There is no on or off. There is no all-in versus all-out.
There is only a skill spectrum. The things we call discipline, willpower, good decision-making, and so on are just skills. We are more practiced; or we are less practiced. No one is born with self-discipline. We either practice the skill of doing what we say, and the skill of listening to ourselves, or we are out of practice.
Skill in the face of challenge works quite simply. When the challenge is greater than the skill, by definition the skill is insufficient to overcome the challenge. There was no “failure.” You didn’t “fall off,” or have a bad day or week. What happened was the only thing that could’ve or should’ve happened: insufficient skill will not magically do more than a greater challenge.
We would never administer a calculus exam for a toddler who hasn’t grasped basic mathematical concepts AND consider that toddler a failure. Why, then, do we criticize ourselves for “failing” to “make the right decision” about exercise or nutrition? The scaffolding doesn’t exist yet. The skill has yet to be built. The test outcome was exactly what it should’ve been. There was no other possibility until more skill is developed. People will discontinue an effort at getting fitter because they keep playing at a low level of skill. You better think twice about quitting and taking that "break." All that happens is you are even less skilled and less practiced the next time around. Plus, you taught yourself that when you endeavor toward a goal, it's an acceptable option to quit before you have built enough skill to actually work toward the goal.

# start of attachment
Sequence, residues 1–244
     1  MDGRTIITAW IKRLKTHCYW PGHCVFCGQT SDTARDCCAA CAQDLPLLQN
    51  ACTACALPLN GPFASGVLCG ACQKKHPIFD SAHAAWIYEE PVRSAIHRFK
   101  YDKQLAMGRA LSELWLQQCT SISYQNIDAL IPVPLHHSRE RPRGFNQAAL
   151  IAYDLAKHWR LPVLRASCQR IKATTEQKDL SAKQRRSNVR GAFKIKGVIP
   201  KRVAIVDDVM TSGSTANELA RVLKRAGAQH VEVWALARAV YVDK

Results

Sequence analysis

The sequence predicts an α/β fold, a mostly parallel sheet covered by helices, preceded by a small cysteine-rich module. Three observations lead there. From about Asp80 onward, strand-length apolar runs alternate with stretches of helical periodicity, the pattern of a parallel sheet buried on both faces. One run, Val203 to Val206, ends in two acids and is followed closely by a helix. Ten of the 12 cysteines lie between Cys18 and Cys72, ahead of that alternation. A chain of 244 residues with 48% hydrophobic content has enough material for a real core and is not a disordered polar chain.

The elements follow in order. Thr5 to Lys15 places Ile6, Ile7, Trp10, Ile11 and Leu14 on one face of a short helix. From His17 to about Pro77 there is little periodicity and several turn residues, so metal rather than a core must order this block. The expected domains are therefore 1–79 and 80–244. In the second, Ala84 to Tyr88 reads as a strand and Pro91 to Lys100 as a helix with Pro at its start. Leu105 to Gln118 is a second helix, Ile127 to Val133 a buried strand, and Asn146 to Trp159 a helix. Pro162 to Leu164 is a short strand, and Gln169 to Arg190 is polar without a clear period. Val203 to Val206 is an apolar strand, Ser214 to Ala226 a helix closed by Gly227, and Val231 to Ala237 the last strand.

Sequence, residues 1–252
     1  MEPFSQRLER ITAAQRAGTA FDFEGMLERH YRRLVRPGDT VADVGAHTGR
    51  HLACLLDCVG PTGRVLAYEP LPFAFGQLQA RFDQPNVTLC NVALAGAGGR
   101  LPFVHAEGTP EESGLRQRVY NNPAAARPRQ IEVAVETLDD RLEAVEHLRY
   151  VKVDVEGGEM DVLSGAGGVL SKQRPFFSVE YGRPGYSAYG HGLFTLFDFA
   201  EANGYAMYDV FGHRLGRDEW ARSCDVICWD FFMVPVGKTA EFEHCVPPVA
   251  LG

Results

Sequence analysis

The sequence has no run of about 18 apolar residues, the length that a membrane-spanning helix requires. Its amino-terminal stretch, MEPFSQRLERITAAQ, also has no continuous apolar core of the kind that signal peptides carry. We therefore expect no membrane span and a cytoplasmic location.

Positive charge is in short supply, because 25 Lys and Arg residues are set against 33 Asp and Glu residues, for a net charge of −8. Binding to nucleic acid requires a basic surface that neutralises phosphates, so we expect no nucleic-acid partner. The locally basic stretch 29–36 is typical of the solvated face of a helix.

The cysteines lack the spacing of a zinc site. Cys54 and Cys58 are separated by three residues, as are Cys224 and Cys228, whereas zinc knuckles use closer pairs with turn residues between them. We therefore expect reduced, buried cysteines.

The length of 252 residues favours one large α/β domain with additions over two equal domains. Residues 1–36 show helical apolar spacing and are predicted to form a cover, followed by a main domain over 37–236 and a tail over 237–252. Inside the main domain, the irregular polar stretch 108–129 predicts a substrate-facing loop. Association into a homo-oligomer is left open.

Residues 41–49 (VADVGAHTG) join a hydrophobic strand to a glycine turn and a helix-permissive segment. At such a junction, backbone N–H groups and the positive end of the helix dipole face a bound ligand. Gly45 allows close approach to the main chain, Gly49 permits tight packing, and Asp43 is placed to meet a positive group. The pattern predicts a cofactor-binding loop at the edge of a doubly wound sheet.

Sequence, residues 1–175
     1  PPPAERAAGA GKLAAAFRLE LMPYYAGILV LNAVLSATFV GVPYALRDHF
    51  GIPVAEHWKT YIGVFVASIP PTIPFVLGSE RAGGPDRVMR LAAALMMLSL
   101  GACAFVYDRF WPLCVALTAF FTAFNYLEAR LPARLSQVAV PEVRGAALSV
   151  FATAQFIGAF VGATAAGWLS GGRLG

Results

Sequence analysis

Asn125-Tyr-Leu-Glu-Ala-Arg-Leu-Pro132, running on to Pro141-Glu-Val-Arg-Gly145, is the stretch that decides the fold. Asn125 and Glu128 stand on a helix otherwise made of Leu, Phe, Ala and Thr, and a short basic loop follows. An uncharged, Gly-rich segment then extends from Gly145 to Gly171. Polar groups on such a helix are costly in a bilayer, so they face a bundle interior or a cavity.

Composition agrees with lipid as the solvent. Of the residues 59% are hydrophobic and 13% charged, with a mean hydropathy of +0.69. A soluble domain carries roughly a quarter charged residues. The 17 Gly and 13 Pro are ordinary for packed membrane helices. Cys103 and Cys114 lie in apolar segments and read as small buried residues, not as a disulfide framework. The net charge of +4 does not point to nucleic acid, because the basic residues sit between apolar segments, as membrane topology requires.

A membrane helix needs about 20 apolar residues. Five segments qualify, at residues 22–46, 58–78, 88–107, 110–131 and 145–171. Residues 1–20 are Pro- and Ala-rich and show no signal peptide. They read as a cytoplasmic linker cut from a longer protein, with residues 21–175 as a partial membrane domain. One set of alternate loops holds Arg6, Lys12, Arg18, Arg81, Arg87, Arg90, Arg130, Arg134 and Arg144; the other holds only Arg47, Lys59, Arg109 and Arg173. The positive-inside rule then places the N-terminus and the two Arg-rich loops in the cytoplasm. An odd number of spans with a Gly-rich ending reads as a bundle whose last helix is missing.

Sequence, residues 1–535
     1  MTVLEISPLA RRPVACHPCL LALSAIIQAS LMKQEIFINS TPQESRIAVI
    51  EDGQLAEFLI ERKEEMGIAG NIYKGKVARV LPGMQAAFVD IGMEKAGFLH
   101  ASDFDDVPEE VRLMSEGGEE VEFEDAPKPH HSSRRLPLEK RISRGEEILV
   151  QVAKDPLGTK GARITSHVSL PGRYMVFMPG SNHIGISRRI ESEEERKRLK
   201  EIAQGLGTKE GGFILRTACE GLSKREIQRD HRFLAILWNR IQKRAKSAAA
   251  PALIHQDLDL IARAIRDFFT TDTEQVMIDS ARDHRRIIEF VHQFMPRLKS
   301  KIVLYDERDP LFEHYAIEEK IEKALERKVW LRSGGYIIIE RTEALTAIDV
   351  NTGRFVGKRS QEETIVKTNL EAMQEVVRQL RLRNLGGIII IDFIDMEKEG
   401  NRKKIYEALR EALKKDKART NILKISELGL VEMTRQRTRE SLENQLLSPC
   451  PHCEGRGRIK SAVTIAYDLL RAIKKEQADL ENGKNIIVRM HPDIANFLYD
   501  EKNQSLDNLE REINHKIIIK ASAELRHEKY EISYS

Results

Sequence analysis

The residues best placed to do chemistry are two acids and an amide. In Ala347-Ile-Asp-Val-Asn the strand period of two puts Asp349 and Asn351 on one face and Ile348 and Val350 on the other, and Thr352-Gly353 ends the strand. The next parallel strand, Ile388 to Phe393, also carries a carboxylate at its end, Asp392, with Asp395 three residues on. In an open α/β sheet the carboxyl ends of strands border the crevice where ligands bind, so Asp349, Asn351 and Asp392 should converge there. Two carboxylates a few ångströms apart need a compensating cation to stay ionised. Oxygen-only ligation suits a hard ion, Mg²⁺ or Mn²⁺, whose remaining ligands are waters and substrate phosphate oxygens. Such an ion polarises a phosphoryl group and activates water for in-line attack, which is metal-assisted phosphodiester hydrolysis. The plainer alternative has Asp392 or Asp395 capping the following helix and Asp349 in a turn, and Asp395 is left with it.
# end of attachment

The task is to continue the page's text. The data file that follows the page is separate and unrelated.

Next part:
It isn’t that you “made a bad decision” or “had a bad week” and now you have to “start over.” Instead, you played precisely within your skillset. Practice more. As you are more practiced, your skill will be commensurate or supra-commensurate for more challenges, more days, more pressures.
There is no “off the wagon” or “on track.” But there is skill. And there is practice.